Literati Bonsai style (Bunjingi)
In nature this bonsai style of tree is located in locations densely populated by a lot of other trees and competitors is so fierce that the tree can only survive by developing taller then all other people about it. The trunk grows crookedly upward and is fully without having branching due to the fact the sun only hits the best in the tree. To make certain that it appears even tougher, some branches are “Jinned” (with out bark). When the bark has been removed from a single side on the trunk, the trunk is known as a “Shari”. The concept is always to demonstrate that the tree has to struggle to survive. These trees are typically placed in modest, round pots.

Beneath will be the history background and criteria of literati bonsai :


The literati style is named bunjin in Japanese or wen-ren in Chinese. The literati style was 1st described in one of many penjing texts from China. It's an aesthetic that was influenced by the political and academic situations inside the Tang Dynasty period, when penjing was as soon as broadly practiced by the elites.

The Tang Dynasty (618 - 907) was a glorious and prosperous period for the arts, which includes painting, calligraphy, as well as the well-known Tang-xe (Tang poetry). Throughout this time, talented scholars had been regarded as to become the social equals of these in government. For that reason, numerous scholars, intellectuals and literati secured profession positions inside the government by way of a recruitment method exactly where one’s expertise and understanding of literature, history, philosophy along with the arts have been critical criteria in social rank and profession placement.

Penjing became quite well-known in the course of that time, because it had powerful ties to Chinese painting, poetry and calligraphy. Also throughout this time the literati style, known as Xu hua xe, became common, modeled following the character and philosophy of Chinese calligraphy.

In a single of his penjing texts, Chinese penjing master, Shao Hai Zhong, defined the following principals in the literati style:

“Zhong xin bing yun”
An asymmetrical balance in composition must be utilized to receive a steady and firm foundation. There ought to be a firm anchor point of balance inside the dynamic movement.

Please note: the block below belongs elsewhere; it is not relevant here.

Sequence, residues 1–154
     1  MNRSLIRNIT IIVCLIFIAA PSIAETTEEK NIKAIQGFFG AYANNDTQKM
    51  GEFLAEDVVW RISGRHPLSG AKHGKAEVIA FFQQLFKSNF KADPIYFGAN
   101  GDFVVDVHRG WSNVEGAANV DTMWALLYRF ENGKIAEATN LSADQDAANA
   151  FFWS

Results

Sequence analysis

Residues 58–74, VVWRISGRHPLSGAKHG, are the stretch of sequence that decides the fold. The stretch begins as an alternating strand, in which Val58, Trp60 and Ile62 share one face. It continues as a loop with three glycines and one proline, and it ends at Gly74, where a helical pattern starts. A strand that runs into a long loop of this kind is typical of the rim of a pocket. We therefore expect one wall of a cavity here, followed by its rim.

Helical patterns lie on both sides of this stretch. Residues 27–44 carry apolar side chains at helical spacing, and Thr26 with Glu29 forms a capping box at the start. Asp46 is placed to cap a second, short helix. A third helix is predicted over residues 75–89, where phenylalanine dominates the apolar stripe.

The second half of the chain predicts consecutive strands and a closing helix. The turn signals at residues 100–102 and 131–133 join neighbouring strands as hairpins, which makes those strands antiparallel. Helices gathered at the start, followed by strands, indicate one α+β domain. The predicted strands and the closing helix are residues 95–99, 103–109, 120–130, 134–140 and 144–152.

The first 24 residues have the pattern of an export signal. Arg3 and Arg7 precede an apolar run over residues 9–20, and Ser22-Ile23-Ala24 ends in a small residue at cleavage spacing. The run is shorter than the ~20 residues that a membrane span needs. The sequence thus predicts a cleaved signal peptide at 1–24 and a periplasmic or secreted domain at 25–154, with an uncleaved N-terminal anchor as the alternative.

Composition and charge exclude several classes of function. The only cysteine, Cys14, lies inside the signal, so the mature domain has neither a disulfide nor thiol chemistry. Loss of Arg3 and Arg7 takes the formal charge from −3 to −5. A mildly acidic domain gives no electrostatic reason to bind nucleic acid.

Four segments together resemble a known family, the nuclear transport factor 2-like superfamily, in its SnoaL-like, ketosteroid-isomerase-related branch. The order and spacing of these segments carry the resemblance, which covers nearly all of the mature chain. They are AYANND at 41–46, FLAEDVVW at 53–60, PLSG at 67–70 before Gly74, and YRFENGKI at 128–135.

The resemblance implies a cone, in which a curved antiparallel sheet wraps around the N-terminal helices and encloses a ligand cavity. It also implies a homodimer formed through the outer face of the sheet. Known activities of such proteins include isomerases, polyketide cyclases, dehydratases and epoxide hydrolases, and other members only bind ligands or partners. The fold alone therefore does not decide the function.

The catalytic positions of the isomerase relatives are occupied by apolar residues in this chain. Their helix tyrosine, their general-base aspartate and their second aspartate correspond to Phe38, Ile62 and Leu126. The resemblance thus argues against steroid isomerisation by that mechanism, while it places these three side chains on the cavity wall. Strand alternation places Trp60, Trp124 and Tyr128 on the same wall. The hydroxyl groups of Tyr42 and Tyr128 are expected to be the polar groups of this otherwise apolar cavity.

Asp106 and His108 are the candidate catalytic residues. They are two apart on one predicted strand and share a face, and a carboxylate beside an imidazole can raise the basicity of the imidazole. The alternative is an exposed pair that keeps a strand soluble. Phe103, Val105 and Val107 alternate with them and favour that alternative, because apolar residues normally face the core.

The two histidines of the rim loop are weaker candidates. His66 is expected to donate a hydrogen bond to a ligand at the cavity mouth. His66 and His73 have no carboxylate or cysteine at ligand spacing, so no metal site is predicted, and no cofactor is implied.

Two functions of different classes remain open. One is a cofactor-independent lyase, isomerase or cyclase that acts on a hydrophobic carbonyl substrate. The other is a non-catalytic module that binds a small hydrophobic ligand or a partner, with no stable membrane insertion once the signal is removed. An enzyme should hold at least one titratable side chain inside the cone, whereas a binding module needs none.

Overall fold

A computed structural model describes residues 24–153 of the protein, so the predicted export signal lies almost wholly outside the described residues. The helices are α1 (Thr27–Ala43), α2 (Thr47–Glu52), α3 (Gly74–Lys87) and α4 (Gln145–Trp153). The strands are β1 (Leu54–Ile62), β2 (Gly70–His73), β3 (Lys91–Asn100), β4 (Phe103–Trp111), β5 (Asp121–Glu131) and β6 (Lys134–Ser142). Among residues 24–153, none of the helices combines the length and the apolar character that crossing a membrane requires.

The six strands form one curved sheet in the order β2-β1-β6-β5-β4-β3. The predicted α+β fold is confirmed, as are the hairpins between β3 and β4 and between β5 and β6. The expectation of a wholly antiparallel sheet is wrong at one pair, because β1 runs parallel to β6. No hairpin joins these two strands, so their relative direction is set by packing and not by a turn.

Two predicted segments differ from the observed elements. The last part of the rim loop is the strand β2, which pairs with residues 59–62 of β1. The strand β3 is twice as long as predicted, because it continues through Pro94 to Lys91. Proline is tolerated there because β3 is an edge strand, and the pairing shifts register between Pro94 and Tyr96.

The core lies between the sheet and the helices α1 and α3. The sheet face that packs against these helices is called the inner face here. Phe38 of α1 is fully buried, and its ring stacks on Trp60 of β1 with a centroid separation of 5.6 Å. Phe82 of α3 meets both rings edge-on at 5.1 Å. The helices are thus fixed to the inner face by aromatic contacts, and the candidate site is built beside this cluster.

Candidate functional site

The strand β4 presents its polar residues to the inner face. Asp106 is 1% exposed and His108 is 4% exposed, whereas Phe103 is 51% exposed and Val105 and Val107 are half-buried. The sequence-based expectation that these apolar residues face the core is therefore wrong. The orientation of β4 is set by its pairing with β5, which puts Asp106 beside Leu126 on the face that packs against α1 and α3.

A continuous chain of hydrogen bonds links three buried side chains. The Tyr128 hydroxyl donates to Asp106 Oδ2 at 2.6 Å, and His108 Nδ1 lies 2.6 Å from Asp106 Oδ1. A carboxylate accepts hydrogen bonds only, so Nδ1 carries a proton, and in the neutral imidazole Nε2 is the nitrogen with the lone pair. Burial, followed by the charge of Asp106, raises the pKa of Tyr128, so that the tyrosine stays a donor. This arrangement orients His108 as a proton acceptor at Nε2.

“Dou zhong qiu zhen”
The principal of optical balance. The energetic and dramatic physical flow of this style must present a harmonious balance in optical sense.
“Shang mi xia xu”
Literati resembles the style of Chinese calligraphy. The prime is structured as well as the bare trunk descends, celebrating the elegance of simplicity and slenderness. Such simplicity and slenderness character in literati is often misunderstood as poor, weak, suffering and helpless.
“Xu mi de yu”
The physical composition need to demonstrate a suitable balance of visual weight and voids. The heavy regions must be counter balanced by empty spaces - evoking the abstract beauty of Chinese calligraphy.
“Qan qa bian hua”
The lines needs to be dynamic and rhythmic, but neither chaotic nor monotonous. Literati may be the only style in bonsai that calls for mixture of diverse lines’ character. Generally in other bonsai style, we need to constantly maintain the consistence of line beginning in the base for the apex in all physical attributes; but in literati, the far more we are able to play with diverse lines, the greater outcome we'll receive.
“Qi jou zhe gang”
The structure need to employ a balance of bold beginnings and delicate conclusions. Even the delicate lines need to include a vigorous power, a lot just like the practice of Tai-chi. This identical principal is vital in Chinese calligraphy.

So in literati bonsai, a mixture of two or a lot more contrasting lines is essential; the delicate flow with all the vigorous stroke or radical curves in subtle harmony. The energy of a powerful thrust is countered by the delicate release; displaying tension against compression as if describing the organic equilibrium in the universe - Yin and Yang. Literati is actually a extremely contemplative style in bonsai, reflecting the spirit of nature, a lyrical beauty, however a testament to intellectual talent.


List of Bonsai Style

  1. Broom style Bonsai (Hokidachi)
  2. Formal upright Bonsai style (Chokkan)
  3. Informal upright Bonsai style (Moyogi)
  4. Slanting Bonsai style (Shakan)
  5. Cascade Bonsai style (Kengai)
  6. Semi cascade Bonsai style (Han-kengai)
  7. Literati Bonsai style (Bunjingi)
  8. Windswept Bonsai style (Fukinagashi)
  9. Double trunk style Bonsai (Sokan)
  10. Multitrunk Bonsai style (Kabudachi)
  11. Forest Bonsai style (Yose-ue)
  12. Growing on a rock Bonsai style (Seki-joju)
  13. Growing in a rock Bonsai style (Ishisuki)
  14. Raft Bonsai style (Ikadabuki)
  15. Shari Bonsai style (Sharimiki)